The Limits of Happiness?

If our expectations of happiness sometimes seem off-kilter, it’s because our understanding of emotions in general is not always accurate. It is tempting to think that emotions are available in pairs, that each pleasant emotion comes with a distressing version: happiness matched with sadness, bravery with fear, contentment with  frustration. And we might expect that people experience emotions in a wide range of intensities and durations. Depending on the person, sadness might last for a day or a decade, mildly or intensely. And and so might its counterpart, happiness.  As the sign says, “Happiness has no limits.”

happiness limits poster (loesje.org)

loesje.org

In How the Mind Works, Stephen Pinker says not so fast. For starters, “There are twice as many negative emotions (fear, grief, anxiety, and so on) as positive ones.” Try to count the common unpleasant emotions that come to mind, then try to think of the same number of positive ones.

Another clue that emotions don’t come in positive and negative pairs in all varieties, like shoes, is that “[P]eople’s mood plummets more when imagining a loss in their lives (for example, in course grades, or in relationships with the opposite sex) than it rises when imagining an equivalent gain.” Pinker quotes tennis star Jimmy Connors: “I hate to lose more than I like to win.”

So not only are negative feelings more plentiful than positive ones, but they pack a stronger punch as well.

Why? The benefits of happiness and the other positive feelings are, in evolutionary terms, more limited than we might think. Pinker: “The psychologist Timothy Ketelaar notes that happiness tracks the effect of resources on biological fitness. As things get better, increases in fitness show diminishing returns: more food is better, but only up to a point. But as things get worse, decreases in fitness can take you out of the game: not enough food, and you’re dead” (392).

So the dangers of of injury, illness, and enemies call for variable levels of distress to signal the seriousness of the threat—emotional smoke alarms that can grow louder and last longer as the threat intensifies. But the joys of health, sociability, creativity, and even spirituality don’t call for such intensification. In the long run, we wouldn’t gain from a capacity for increasingly intense joy or confidence or satisfaction or excitement. Too much joy for too long and we let our guard down.

So we care more about what could go wrong than about what could go better.

 

No Pain, No Sympathy

Which living things merit our sympathy? Our pets? Certainly. What about human embryos? And plants? Is it consciousness or complexity or being human or the capacity for pain that makes an individual life worth our empathy?

The debate over animal rights has reinforced one ancient measure of an organism’s worth. An organism that shows signs of experiencing pain is said to be entitled to live without that pain. These sentient beings include cats and dogs and most of the animals that we eat or use for clothing or experiment on. Insects, with their minimal nervous systems, are on the margin of the sentience line.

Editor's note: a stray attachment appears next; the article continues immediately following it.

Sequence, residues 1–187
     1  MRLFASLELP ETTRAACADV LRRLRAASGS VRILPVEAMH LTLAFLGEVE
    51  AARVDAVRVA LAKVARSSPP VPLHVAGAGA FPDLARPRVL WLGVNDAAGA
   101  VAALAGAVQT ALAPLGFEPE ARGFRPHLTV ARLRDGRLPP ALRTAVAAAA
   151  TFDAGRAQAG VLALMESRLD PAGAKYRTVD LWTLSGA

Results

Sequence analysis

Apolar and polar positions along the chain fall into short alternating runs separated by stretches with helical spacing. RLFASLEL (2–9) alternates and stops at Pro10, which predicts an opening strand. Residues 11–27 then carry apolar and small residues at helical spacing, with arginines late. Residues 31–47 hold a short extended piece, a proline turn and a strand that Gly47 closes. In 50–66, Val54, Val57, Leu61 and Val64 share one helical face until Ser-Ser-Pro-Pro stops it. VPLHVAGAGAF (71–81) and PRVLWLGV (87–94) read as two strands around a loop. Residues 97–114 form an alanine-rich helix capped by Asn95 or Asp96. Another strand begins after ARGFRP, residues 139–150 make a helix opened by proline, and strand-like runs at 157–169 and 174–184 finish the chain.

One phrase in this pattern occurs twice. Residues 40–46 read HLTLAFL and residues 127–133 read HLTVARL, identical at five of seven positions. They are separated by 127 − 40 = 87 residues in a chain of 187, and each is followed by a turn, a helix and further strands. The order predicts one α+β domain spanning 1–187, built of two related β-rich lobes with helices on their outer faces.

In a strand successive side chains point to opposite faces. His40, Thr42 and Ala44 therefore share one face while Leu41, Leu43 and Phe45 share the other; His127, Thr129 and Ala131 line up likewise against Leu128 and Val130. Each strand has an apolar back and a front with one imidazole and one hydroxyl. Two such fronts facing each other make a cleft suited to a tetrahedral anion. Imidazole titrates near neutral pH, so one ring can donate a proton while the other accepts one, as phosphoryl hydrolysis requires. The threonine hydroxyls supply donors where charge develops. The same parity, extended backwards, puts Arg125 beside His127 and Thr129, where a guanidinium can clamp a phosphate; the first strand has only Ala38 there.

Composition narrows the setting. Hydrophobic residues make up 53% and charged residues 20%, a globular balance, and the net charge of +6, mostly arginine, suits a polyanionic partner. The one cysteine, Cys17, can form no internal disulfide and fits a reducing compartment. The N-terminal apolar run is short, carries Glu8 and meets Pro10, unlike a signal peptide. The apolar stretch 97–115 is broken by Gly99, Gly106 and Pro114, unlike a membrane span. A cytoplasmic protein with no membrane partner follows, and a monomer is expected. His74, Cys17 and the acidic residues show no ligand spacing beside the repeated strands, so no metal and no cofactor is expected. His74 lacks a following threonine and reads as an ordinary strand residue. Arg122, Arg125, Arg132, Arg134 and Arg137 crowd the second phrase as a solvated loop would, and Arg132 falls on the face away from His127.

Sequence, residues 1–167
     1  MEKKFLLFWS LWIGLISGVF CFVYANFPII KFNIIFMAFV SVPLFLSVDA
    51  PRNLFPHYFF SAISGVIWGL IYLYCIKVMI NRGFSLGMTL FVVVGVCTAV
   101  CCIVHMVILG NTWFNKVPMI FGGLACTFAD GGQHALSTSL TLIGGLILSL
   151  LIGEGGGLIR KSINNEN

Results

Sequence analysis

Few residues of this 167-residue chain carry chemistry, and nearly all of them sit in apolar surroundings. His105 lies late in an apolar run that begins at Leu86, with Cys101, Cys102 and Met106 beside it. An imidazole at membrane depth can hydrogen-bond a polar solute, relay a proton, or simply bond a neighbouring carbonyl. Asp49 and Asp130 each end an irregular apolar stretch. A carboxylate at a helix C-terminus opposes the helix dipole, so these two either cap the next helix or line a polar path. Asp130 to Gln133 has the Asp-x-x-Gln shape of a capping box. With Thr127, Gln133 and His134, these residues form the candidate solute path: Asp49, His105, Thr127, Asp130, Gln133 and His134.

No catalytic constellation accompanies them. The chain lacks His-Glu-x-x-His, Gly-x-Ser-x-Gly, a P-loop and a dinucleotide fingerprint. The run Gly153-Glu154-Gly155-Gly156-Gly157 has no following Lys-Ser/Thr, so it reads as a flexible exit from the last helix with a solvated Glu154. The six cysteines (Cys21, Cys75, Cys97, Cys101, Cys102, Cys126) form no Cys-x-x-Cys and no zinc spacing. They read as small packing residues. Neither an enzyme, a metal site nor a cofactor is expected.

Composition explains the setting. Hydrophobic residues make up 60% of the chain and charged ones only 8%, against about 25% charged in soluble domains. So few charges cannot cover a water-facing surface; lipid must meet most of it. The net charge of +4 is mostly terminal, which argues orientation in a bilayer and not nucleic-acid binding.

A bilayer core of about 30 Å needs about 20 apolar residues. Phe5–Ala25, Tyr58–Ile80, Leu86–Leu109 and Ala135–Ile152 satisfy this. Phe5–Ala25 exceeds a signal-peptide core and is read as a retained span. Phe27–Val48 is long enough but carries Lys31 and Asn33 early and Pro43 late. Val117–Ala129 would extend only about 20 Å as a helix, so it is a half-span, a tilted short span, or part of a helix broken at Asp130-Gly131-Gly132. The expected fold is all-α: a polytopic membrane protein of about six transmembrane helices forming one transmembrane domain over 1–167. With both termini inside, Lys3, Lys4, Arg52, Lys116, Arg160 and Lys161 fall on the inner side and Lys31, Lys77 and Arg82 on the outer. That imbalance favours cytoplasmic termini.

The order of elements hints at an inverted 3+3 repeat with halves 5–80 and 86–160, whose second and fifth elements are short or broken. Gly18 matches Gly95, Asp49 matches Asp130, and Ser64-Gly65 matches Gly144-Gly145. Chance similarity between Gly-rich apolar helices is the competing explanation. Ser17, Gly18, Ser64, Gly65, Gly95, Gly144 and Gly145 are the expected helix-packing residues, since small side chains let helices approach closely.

Below the line are the simplest animals such as sponges and jellyfish, along with plants and single-celled bacteria and other microbes. These don’t experience suffering and have no awareness of a kind that we would recognize. They may have value collectively as part of the environment, but a single jellyfish or an individual plant has no standing for human commiseration.

diseased tree (skylinetreesvc.com)

slylinetreesvc.com

Although I understand its role in the cause of animal rights, I find this sentience distinction unsatisfying. If an organism appears to be “feeling” a disease or injury, we give its condition more weight and urgency than we would if the organism—a plant, for example—were one that did not consciously experience such a condition. A tree may be attacked by insects or suffer other life-threatening conditions, but if we are accustomed to imagining the terror of a pig going to slaughter, we probably won’t empathize much with the stress on the tree as chemical messages sweep through it.

When we feel compassion for another being that is in dire straits, what are we feeling sympathy for, exactly? Is it for the possible loss of an individual life? Is it for the dangerous condition that is attacking the organism? Or is it for the pain that the organism is enduring? I think it is the last, if only because the evident pain in an animal reminds us of our own capacity for suffereing. Perhaps we should remind ourselves that non-sentient beings, though without visible torment, may struggle, crave, and weaken as relentlessly as sentient ones.

The uniqueness and persistence of life over 3.8 billion years endows all living things, both with and without awareness, with value. I’m not recommending the ludicrous extreme of not killing plants; we, like all animals, can not survive without eating other living things, either plant or animal. But I am suggesting that we heighten our awareness of the sentience distinction that cleaves the living world in two and can diminish our connection with non-sentient life.